Wednesday, March 30, 2016

The Fight Against Artificial Turf in Middletown, CT

By: Thomas Christopher
Middletown, CT

It was a rare success, notes Nancy Alderman, president of Environment and Human Health, Inc.: While synthetic turf fields are popping up all over Connecticut, residents of Middletown turned back a proposal by their city to create 9 synthetic turf playing fields.  As such, it’s worth studying how the Middletown activists mounted their campaign.

Alderman’s organization, a non-profit dedicated to protecting human health from environmental harms, has been raising the alarm about the recycling of tires as play surfaces for several years.  As Alderman points out, in some states, used and discarded tires are regulated as a hazardous waste; in Connecticut, they are treated as a “special waste” that, by law, cannot be disposed of in landfills.  That’s just common sense, because as they decompose tires release heavy metals such as lead and zinc, a variety of carcinogens such as carbon black and benzene, and other toxic compounds that are as yet poorly understood.

Yet grind these same tires  up into fine crumbs – enhancing the rate at which they release their toxic contents -- and they can be used as in-fill for the synthetic turf fields on which your children play sports.    Indeed, such fields have in recent years been popping up all over Connecticut, despite the resistance of local environmental groups.
The struggle in Middletown began with a largely uncontroversial parks bond referendum.  This was to be placed before the voters in November on 2015 and was to secure funding for 10 years worth of improvements to recreational spaces, including a new pool, new exercise and walking trails, bike paths, a splash pad-spray park and playground, and a dog park.  But even before the text of the referendum was officially released for public scrutiny in early August, 2015, environmental watchdogs had learned that it would include funds to install nine synthetic turf fields.
These activists were unusually well organized thanks to an environmentally oriented local 501(c)(3) non-profit, the Jonah Center.  In 2011, with a $1,000 grant from the New England Grassroots Environment Fund, it had founded ECoIN – the Environmental Collective Impact Network – to serve as a clearing house for Middletown’s environmental organizations.  Currently, it includes some eleven such groups, ranging from the local garden club to the city of Middletown’s Recycling Commission, and the representatives of each meet once a month to discuss common concerns.  Thanks to members from the city government, EcoIN had an early warning of the proposal to install the synthetic turf fields.  Opposition began immediately, with ECoIN members coordinating so that there would be minimal duplication of efforts and a systematic strategy.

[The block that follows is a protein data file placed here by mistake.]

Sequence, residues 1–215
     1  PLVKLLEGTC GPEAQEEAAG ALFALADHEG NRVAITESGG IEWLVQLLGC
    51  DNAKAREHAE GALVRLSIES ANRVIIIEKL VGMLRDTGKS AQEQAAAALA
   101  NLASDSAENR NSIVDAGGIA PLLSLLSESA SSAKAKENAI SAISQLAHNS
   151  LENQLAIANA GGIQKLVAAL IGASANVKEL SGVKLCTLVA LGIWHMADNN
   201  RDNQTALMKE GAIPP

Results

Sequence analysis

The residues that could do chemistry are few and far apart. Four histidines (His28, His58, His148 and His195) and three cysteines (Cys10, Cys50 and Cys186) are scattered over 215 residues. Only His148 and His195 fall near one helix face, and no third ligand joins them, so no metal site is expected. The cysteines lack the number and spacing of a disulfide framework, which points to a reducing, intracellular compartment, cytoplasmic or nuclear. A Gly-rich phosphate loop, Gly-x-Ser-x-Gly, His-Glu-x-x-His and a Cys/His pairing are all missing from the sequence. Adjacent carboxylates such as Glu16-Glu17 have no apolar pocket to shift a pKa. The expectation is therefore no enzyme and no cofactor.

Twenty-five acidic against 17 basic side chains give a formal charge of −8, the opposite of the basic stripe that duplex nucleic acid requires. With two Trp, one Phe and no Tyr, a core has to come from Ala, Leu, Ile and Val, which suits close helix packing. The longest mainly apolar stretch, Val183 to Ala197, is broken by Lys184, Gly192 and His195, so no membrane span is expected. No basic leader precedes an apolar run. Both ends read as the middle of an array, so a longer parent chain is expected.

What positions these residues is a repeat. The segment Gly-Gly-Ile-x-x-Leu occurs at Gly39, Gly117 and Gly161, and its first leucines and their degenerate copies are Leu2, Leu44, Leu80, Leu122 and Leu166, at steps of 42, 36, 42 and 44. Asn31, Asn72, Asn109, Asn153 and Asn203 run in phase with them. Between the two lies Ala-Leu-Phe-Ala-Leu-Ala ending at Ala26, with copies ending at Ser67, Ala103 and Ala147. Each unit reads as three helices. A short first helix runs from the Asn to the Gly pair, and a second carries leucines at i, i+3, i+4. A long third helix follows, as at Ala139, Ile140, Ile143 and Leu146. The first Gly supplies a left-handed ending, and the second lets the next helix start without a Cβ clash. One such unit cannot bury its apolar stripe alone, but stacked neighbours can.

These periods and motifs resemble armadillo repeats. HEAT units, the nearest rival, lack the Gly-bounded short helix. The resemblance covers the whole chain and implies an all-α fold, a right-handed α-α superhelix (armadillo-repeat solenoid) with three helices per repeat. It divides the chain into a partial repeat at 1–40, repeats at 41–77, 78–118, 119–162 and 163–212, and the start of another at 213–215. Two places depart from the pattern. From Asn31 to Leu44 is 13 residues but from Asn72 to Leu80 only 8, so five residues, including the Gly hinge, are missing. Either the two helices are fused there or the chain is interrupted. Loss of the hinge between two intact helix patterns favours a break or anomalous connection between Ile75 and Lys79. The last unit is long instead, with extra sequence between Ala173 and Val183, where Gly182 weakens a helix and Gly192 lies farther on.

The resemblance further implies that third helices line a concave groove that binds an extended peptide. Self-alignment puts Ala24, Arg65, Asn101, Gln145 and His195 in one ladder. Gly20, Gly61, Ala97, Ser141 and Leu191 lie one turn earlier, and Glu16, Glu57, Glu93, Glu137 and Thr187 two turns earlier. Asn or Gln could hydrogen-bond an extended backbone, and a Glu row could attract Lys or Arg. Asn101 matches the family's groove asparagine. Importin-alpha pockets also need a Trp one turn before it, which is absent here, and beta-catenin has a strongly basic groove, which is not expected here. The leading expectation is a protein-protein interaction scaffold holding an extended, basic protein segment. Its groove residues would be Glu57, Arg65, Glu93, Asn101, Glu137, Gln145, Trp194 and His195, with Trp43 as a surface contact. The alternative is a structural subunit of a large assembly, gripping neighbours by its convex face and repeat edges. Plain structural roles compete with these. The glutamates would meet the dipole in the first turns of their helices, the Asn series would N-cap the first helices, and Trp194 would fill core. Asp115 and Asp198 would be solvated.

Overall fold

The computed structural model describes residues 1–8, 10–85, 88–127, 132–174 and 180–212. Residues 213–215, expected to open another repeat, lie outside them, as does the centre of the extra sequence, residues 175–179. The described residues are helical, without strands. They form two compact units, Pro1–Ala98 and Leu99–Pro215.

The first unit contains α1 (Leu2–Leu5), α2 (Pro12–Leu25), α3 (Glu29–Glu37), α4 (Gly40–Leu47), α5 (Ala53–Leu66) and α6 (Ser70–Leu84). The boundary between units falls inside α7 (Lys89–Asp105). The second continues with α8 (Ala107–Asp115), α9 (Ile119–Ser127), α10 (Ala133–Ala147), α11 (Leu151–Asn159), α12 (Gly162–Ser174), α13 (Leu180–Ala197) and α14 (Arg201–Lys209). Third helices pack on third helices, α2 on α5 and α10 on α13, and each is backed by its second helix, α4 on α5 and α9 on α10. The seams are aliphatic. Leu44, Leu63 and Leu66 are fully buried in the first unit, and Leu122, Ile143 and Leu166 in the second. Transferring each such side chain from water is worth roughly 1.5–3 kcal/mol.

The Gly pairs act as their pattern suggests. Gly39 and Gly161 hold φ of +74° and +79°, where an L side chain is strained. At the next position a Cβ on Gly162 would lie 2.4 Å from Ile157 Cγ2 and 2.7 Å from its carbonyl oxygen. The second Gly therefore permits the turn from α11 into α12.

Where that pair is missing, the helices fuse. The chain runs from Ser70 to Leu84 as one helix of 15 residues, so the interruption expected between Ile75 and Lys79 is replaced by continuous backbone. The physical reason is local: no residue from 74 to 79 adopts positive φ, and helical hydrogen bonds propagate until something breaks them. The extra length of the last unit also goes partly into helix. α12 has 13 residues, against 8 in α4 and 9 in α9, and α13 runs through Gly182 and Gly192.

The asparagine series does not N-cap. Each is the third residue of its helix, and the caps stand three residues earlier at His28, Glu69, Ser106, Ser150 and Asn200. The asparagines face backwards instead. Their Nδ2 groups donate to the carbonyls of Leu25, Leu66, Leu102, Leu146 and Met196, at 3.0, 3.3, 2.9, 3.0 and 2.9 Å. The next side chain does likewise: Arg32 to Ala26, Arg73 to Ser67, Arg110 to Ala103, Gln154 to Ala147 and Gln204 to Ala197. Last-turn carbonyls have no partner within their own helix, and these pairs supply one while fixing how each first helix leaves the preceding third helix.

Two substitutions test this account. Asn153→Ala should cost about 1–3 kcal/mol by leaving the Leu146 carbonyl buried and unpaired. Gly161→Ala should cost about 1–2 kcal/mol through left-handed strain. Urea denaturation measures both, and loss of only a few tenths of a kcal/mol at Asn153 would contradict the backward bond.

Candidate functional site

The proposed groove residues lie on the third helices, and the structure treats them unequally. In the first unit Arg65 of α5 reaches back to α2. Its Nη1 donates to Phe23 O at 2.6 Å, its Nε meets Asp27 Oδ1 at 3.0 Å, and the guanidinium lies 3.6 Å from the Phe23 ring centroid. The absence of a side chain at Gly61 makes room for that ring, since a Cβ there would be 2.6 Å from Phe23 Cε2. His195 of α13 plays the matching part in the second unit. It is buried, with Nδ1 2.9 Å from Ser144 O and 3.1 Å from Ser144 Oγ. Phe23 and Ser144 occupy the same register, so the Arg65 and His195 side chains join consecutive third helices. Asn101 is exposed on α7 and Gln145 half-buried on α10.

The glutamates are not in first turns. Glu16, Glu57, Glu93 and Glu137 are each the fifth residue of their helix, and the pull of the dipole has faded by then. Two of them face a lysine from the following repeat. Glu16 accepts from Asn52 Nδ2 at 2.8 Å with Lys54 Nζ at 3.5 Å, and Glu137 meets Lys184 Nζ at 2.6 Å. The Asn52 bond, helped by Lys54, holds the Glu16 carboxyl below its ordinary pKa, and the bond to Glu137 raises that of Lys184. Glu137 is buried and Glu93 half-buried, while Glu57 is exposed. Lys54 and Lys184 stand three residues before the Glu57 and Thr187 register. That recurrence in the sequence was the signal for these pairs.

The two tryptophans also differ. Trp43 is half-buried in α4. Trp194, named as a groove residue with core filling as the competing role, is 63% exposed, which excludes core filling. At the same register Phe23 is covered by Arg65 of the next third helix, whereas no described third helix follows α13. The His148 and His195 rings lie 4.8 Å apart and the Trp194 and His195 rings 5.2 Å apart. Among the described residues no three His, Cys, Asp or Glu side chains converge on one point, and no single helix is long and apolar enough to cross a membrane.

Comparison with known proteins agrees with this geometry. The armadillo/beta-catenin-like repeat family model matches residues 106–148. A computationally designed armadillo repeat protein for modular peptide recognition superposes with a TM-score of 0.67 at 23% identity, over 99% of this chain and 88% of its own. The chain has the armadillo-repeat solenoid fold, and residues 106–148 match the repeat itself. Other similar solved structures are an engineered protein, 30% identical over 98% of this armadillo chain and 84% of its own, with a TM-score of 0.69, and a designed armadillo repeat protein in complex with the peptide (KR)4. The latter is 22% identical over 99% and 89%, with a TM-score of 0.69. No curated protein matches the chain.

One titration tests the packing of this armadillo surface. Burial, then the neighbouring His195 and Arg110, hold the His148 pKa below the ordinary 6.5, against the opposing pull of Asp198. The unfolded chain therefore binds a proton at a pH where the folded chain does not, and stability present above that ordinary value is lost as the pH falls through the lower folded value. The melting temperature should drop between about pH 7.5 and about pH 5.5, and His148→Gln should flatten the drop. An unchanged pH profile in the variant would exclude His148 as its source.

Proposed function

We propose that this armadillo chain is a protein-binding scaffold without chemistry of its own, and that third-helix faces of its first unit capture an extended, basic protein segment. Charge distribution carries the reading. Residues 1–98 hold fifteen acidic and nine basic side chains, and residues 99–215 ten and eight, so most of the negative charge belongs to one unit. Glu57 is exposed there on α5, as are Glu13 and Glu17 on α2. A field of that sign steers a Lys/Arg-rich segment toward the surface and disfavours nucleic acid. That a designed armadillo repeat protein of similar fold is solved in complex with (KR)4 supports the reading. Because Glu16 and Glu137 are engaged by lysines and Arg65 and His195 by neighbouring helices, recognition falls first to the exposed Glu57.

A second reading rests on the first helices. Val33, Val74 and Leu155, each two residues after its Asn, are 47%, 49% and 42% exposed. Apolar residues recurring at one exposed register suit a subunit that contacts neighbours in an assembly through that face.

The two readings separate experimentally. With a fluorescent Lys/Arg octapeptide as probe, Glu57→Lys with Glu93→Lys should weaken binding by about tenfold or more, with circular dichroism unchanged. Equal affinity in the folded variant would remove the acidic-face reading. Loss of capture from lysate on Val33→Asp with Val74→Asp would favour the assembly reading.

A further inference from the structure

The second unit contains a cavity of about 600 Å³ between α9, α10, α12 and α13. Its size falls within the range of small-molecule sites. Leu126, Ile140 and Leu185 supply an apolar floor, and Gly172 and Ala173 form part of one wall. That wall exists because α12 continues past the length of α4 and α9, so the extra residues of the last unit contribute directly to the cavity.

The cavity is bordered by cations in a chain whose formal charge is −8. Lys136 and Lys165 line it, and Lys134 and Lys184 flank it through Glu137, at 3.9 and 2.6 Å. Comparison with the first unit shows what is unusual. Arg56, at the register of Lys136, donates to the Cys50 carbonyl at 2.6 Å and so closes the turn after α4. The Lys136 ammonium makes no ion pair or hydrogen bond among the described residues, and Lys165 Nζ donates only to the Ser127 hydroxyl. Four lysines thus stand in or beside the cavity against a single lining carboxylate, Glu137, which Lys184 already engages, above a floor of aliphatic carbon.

The activists recognized that education would be the key to a successful campaign.  Initially they had to educate themselves and for this they turned to a number of sources, in particular Environment and Human Health, Inc. which has been collecting information about the dangers of synthetic turf fields for a number of years. 
After educating themselves, the ECoIN members began meeting privately with members of the Middletown Common Council to share their concerns with them.   The activists also created fact sheets about synthetic turf targeted at different groups; on a sports night meeting at the local high school, for example, they distributed a fact sheet especially aimed at the parents of student athletes.  Eventually they addressed the general public, sponsoring a booth at an outdoor festival and collecting signatures on a petition requesting that the city eliminate the synthetic turf fields from the referendum.  Three hundred signatures were collected in a single day. representing a number of voters sufficient to sway a local election and proof to the Common Council members that interest in the issue was intense.
Defenders of synthetic turf insist that while the crumb rubber typically used as infill in synthetic turf is contaminated with a variety of toxins, no definitive studies have as yet proven that the resulting risk to children through inhalation, skin contact, and ingestion is at an unacceptable level.  The response of the Middletown activists was to ask parents and the city government if they wanted to make their children the subjects of a toxicology experiment.  In addition, using data taken from synthetic turf industry websites, the activists called into question the economics of the artificial fields, which would cost $850,000 to $1,000,000 each to install, and which would require extensive specialized maintenance and replacement typically after just 10 years of use.
Despite opposition from Middletown sports clubs, this lobbying paid off.  First the Common Council agreed (in a tie vote with the city’s mayor serving as the tie-breaker) to rewrite the referendum and substitute natural turf fields for the synthetic versions.  The environmentalists then rallied to the support of the referendum, which synthetic turf supporters tried to keep off the ballot.  Finally, on election day, the environmentalists handed out fact sheets outside the polling places, persuading voters to support the referendum.   Thanks in part to these efforts, the referendum passed and the city won funding for the parks and public spaces upgrades it was seeking – at a better price, due to the elimination of the costly synthetic turf.
Grassroots activism is a learning process, with practitioners constantly improving and updating strategies and skills.  What brought success in the campaign against synthetic turf will undoubtedly be re-applied to other, future campaigns.

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